A Popular Blue Angels Stunt Caused Thousands Of Dollars In Damages To A California Naval Base

The Blue Angels' signature sneak pass damaged buildings and hurt some base personnel, an investigation shows.

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Image: Johannes Eisele (Getty Images)

The Blue Angels may have to change up their routine at their next show. An investigation by the Seattle Times shows that the long-running military-backed air show squadron caused thousands of dollars in damages to a California naval base by performing a signature part of their routine.

The Blue Angels are known for doing their sneak pass maneuver at airshows across the country, and they’ve done it for years. I personally think it’s one of the greatest things ever, but I’m a huge kid. The sneak pass is a fast, low altitude maneuver that involves a plane flying just a few hundred feet above the ground approaching from the opposite way the crowd at the show thinks they are going to come from. It usually startles people, and that’s usually the point.

Blue Angels Sneak Pass Pensacola Beach Airshow 2017,
Blue Angels Sneak Pass Reaction Chicago 2017 (Sunday)

This particular instance, per the Seattle Times, involved a training exercise at the El Centro Naval Air Facility. On January 21, 2021, the Blue Angels conducted a sneak pass practice run over a particular set of buildings and personnel on the base. The pilot veered slightly off his intended course resulting in the pilot being within just 100 feet of the buildings. Witness statements say the resulting fly-by ripped tiles and roofing from nearby buildings and was strong enough to dislodge walls that were supposed to withstand earthquakes. People nearby suffered ringing ears and headaches. So what went wrong?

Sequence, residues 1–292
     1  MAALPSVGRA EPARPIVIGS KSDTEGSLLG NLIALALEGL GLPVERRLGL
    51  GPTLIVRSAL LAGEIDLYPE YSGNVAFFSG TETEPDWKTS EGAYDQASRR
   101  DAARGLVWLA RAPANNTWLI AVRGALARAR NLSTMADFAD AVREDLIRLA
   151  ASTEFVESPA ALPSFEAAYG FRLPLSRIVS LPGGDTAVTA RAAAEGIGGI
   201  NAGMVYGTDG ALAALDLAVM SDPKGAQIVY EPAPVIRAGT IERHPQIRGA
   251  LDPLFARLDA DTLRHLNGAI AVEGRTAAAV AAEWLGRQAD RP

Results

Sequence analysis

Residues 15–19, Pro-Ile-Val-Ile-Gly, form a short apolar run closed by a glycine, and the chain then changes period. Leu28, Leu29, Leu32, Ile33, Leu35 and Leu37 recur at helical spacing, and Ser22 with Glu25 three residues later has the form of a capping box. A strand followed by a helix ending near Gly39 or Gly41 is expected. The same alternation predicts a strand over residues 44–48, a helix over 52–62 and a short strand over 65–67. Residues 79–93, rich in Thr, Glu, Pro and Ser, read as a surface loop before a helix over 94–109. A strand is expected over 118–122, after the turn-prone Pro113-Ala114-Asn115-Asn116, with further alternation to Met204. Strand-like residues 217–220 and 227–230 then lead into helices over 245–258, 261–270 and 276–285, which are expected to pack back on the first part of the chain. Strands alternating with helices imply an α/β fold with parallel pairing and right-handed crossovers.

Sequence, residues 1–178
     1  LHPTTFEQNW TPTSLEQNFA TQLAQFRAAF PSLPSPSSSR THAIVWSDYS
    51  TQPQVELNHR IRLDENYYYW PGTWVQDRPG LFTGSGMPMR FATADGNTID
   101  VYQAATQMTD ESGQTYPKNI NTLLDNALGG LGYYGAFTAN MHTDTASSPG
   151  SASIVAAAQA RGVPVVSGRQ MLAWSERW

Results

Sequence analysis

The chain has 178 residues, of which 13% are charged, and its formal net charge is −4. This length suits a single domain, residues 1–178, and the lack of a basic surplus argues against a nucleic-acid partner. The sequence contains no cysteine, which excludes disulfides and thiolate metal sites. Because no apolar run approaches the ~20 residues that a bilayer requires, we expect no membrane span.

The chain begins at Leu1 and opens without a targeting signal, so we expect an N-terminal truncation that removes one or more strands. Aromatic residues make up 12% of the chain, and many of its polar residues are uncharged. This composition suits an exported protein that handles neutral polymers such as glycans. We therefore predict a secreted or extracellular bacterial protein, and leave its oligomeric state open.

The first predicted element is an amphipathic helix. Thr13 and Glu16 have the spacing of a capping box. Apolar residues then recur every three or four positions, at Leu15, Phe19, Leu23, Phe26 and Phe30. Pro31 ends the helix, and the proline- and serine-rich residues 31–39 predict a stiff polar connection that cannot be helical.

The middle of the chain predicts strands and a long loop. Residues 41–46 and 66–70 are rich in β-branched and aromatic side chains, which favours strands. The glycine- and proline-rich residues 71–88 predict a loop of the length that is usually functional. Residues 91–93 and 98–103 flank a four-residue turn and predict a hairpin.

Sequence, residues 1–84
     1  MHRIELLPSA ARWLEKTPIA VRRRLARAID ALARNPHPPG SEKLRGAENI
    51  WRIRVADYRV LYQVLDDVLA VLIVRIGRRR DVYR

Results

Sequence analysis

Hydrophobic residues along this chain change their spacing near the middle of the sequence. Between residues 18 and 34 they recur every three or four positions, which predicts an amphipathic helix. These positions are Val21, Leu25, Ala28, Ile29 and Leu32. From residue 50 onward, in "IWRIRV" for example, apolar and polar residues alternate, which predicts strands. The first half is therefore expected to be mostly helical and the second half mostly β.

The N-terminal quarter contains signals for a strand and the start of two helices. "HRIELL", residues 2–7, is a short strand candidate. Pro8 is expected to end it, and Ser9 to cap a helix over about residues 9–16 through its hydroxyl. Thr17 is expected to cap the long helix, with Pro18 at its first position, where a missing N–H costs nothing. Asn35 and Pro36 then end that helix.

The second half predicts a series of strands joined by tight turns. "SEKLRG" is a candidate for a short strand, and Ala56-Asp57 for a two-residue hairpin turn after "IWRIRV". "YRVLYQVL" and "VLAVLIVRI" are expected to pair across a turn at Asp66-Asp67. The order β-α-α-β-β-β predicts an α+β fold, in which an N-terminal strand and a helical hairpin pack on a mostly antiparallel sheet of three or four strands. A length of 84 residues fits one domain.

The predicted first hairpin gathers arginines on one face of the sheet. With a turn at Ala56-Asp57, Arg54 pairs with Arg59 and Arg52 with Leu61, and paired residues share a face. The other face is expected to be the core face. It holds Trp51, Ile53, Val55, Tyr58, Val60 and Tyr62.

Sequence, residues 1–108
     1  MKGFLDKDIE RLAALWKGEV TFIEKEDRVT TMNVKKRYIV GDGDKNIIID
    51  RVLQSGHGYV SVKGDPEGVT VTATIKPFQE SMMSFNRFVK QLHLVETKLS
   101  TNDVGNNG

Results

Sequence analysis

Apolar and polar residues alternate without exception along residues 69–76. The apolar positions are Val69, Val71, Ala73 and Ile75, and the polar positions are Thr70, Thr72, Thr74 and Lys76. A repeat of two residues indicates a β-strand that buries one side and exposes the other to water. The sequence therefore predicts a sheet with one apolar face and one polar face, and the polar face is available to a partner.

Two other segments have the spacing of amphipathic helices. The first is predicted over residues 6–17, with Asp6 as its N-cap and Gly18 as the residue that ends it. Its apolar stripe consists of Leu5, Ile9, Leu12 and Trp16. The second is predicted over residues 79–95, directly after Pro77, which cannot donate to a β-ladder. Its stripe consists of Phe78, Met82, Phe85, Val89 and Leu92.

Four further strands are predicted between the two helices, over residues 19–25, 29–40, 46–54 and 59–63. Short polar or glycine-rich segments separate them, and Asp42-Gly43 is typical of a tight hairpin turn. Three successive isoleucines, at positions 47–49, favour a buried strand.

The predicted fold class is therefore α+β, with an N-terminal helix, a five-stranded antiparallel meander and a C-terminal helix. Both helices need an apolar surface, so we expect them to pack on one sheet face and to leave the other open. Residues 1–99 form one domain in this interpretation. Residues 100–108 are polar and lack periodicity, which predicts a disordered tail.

Simply put, the plane was too low, too damn fast, and too powerful. See, the Blue Angels hadn’t used that exact plane before. Starting last year, the squadron switched to F/A18 Super Hornets from regular F/A 18 Hornets. An investigative analysis done after the incident by the Naval Air Warfare Center Aircraft Division found that the Super Hornet created a larger sonic airflow than the previous Hornet. This sonic airflow can create a shockwave that can reach the ground and damage buildings or people. The investigation also found pilot error.

The pilot was supposed to follow a path that would put the plane within 500 feet of the crowd line at a speed of almost 725 mph. Instead, the pilot was 82 feet inside the crowd line going nearly 20 mph faster. This only caused the sonic airflow to increase, which caused more damage. The pilot didn’t even learn of the damage until after he landed, calling the pass “unremarkable” from inside the cockpit. While the Navy’s investigative report is extensive, there’s nothing in it that touches on any kind of disciplinary action for the pilot.